In the present study, facial erythema in diabetic patients correlated positively with TAS. This also contradicts the authors’ expectations. TAS levels have previously been reported to be decreased in patients with diabetes mellitus.37,38 Lower TAS levels have been noted in patients with diabetic retinopathy in comparison to uncomplicated diabetes.39 Authors usually interpret this as a sign of oxidative stress. Uncommonly, increased TAS level in diabetes mellitus has also been described.40,41 TAS changes can be mediated by several factors, thus results should always be interpreted with caution.25,34–36 For instance, bilirubin has been known to elevate TAS levels.42 Bilirubin functions as an endogenous antioxidant and also promotes angiogenesis via VEGF. Clinically raised serum bilirubin levels in diabetic patients have been associated with a lower risk for the development of a diabetic foot and for lower-limb amputation.37,43In vivo experiments on diabetic rats have demonstrated enhanced wound healing upon an application of an ointment containing bilirubin. In this case, bilirubin promoted angiogenesis in the diabetic wound by upregulating the expression of VEGF.44 Additionally, increased serum uric acid levels can also influence TAS, and have been linked to a higher risk of developing diabetic retinopathy.25,34–36,45 Theoretically, both uric acid and bilirubin can cause TAS elevation, as well as promote the development of rubeosis faciei diabeticorum. Unfortunately, these parameters were not assessed in the current investigation. It is advisable to measure bilirubin and uric acid levels, and examine their association with the development of the facial erythema in diabetic patients.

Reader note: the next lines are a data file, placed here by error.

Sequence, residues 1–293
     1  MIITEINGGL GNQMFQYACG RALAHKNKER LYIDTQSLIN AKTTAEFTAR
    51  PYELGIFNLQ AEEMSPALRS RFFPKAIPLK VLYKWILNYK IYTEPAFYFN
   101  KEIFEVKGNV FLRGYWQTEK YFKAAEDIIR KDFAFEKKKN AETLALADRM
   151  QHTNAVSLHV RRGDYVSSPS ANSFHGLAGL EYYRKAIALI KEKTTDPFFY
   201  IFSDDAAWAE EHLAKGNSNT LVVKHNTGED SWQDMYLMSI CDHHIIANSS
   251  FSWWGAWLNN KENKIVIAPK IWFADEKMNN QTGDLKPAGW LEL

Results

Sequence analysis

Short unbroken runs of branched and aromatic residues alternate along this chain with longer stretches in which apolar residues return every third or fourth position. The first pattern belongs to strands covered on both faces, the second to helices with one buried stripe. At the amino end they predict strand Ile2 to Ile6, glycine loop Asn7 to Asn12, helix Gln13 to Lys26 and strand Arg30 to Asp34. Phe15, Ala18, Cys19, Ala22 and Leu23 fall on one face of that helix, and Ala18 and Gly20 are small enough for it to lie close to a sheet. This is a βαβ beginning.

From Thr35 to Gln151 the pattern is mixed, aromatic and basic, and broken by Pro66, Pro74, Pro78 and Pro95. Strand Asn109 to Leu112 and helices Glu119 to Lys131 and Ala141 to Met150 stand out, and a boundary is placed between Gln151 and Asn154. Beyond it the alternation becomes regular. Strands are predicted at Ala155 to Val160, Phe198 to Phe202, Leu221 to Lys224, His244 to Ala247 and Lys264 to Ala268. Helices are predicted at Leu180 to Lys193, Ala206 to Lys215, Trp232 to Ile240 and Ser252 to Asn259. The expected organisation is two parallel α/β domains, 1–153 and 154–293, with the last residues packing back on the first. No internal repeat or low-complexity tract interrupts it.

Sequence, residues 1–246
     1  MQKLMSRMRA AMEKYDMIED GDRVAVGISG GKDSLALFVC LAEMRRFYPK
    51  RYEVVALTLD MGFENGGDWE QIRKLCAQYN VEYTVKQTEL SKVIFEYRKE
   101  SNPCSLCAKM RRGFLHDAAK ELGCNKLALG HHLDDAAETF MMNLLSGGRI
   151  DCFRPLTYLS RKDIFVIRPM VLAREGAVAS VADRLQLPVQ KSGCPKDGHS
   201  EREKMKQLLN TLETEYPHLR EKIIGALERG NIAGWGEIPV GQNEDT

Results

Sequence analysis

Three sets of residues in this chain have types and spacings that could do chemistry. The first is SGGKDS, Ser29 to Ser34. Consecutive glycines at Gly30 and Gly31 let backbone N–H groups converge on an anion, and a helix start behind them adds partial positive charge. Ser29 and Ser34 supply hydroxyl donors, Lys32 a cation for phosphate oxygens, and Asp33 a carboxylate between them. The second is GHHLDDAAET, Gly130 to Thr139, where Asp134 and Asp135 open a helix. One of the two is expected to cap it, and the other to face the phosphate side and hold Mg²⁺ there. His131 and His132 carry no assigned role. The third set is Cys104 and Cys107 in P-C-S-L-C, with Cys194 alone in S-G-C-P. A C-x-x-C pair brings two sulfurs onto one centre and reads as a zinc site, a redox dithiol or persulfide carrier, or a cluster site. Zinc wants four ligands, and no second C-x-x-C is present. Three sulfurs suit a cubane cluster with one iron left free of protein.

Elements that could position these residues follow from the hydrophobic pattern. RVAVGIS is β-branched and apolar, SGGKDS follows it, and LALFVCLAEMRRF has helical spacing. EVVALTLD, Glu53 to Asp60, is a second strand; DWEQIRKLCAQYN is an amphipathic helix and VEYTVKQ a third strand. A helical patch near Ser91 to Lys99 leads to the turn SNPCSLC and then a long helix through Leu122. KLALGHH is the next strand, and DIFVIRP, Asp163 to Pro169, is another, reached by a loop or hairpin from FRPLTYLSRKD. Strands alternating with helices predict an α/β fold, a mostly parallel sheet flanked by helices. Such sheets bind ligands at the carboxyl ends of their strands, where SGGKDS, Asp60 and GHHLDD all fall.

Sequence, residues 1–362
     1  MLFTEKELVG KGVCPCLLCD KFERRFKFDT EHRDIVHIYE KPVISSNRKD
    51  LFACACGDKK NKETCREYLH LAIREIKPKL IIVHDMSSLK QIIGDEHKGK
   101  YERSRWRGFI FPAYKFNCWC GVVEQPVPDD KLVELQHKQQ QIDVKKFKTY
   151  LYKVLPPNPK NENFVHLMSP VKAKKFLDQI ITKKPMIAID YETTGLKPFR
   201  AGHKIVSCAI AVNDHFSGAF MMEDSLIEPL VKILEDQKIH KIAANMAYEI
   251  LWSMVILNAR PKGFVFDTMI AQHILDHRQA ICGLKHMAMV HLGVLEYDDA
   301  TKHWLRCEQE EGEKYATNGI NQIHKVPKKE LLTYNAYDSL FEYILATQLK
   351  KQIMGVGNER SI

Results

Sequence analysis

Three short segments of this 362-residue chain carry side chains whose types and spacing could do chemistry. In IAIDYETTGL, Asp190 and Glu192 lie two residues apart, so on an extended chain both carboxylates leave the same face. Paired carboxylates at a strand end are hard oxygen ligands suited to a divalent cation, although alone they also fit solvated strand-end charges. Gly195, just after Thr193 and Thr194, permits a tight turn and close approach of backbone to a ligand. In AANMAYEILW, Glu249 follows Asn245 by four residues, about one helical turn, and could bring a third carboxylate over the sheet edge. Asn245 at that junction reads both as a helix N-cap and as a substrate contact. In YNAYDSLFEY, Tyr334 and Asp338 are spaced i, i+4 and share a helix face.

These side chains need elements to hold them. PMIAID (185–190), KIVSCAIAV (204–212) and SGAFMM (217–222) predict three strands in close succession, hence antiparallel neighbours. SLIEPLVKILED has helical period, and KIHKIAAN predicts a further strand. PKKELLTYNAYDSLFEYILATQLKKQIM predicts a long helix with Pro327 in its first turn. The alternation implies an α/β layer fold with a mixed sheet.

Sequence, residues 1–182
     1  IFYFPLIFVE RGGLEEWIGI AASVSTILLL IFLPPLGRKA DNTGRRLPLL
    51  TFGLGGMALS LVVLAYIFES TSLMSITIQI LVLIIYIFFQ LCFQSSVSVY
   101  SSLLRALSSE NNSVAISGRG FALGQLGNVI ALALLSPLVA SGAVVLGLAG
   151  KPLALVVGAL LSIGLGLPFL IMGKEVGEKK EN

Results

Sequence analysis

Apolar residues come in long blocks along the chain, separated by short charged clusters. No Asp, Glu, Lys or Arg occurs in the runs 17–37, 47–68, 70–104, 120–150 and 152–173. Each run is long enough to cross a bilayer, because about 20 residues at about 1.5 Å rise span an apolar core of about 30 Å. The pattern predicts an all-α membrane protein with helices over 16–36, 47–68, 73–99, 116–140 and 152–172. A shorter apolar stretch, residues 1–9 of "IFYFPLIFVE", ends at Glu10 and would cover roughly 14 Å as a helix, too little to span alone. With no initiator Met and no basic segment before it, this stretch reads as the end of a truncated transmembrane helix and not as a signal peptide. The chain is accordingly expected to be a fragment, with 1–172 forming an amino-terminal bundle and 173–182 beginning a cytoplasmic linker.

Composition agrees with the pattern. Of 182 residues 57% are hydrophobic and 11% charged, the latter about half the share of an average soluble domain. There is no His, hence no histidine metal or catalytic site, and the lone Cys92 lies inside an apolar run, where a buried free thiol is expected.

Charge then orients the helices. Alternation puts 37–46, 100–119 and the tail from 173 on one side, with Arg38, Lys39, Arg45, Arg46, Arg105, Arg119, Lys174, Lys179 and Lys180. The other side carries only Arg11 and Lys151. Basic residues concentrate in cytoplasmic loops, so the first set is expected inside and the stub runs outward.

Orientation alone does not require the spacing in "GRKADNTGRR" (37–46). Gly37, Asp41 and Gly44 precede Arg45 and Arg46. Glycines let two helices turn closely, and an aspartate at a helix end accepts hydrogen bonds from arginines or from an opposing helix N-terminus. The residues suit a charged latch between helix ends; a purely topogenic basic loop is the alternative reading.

Conclusions